• I'd just like if web and app devs would not assume that everybody runs every program fullscreen and size *everything* according to the screen res instead of the program window's actual dimensions. C'mon, it's not like the browser and OS make this information difficult to obtain.

          Yes, I'm looking at you, Slashdot. (Among many, many others.)

    • by mspohr ( 589790 )

      I assume that you think OS X is somehow superior to other OSs. As an primary OS X user (as well as Linux and Windows occasionally) for the past 7 years, I beg to differ. I've always found OS X to be kludgy, toylike and lacking features. I never could get used to its special keys (especially command and option) as well as the odd keyboard layout (no backspace???).
      I'm much more comfortable with Linux and its applications. I gave up on Apple hardware and have now adopted Chromebooks (with Crouton Linux) for al

      • by fyngyrz ( 762201 )

        I assume that you think OS X is somehow superior to other OSs.

        No.OS X plus the applications I am using form a computing ecosystem that is superior to anything I might plop down on my desk that would be fundamentally unable to perform the same tasks unless I put out a great deal of money, time and energy that is absolutely not necessary in any way, shape or form. Adding extra pixels won't do any of that.

        I never could get used to its special keys (especially command and option) as well as the odd keyboard lay

      • by jon3k ( 691256 )
        If you couldn't get used to the keyboard after 7 years the problem isn't the keyboard, it's what's between the keyboard and the chair.

        I don't use a Mac but I could damn sure figure it out in 7 years.
    • by dave562 ( 969951 )

      They also seem to be trying to appeal to "video and photo professionals". I used to work in Hollywood and I know plenty of 'creative' people. I do not know a single person using Ubuntu, or any Linux distribution, for professional multimedia work.

      Beyond that, how many people who are using Gimp because they are too cheap to pay for Photoshop, have $4000+ to spend on one of these laptops?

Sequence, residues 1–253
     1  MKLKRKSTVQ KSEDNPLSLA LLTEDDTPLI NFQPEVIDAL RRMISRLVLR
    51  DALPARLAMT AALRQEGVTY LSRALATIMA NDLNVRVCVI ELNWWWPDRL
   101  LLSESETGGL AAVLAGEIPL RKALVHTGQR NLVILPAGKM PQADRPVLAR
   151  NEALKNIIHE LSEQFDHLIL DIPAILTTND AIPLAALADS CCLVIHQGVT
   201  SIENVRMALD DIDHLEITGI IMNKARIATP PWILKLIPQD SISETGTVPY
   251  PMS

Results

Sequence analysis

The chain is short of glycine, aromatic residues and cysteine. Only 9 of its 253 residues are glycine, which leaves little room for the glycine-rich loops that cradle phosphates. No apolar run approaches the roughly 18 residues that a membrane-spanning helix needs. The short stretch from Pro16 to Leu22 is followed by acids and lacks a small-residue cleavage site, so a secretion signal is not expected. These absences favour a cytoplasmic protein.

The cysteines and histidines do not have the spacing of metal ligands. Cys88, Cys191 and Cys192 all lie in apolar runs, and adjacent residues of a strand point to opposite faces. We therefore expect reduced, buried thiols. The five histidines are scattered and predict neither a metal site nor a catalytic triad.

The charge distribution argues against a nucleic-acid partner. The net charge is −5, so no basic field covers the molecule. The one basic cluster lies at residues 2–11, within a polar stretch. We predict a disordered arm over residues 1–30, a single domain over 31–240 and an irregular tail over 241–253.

• Wellllll, I can easily afford one of these laptops... But ya, I still use Gimp. And OpenOffice.

        It's not even a matter of superiority, it's a matter of value. I don't perceive enough value in one of the high-priced market offerings to justify spending the money for me. Sure, I could afford a single-chair Photoshop license... But when Gimp does what I need without having to pay for it... why the hell pay for it? ePenis length?
        • by dave562 ( 969951 )

          What are you using for video editing?

          Has any of your work been broadcast?

          How about your print work? Is it in any publications? Online anywhere?

          Are you really making a living doing creative work, or is it a professional hobby of yours?

          • Just hobby- I wasn't trying to imply that I'm a professional... I'm a software engineer, not a digital arts guy.

            Beyond that, how many people who are using Gimp because they are too cheap to pay for Photoshop, have $4000+ to spend on one of these laptops?

            That's what I meant to reply to...

            Now to the point of professionals and software suites, I do have some interesting anecdotes... Where I work, our executive in charge of the graphic designers (an older gentleman) uses Photoshop exclusively, but 2 of our youngest graphic designers use Ubuntu laptops and Gimp. We don't do video, so I can't answer to that.

            • You apparently need to understand that 'creative professionals' almost exclusively use Macs.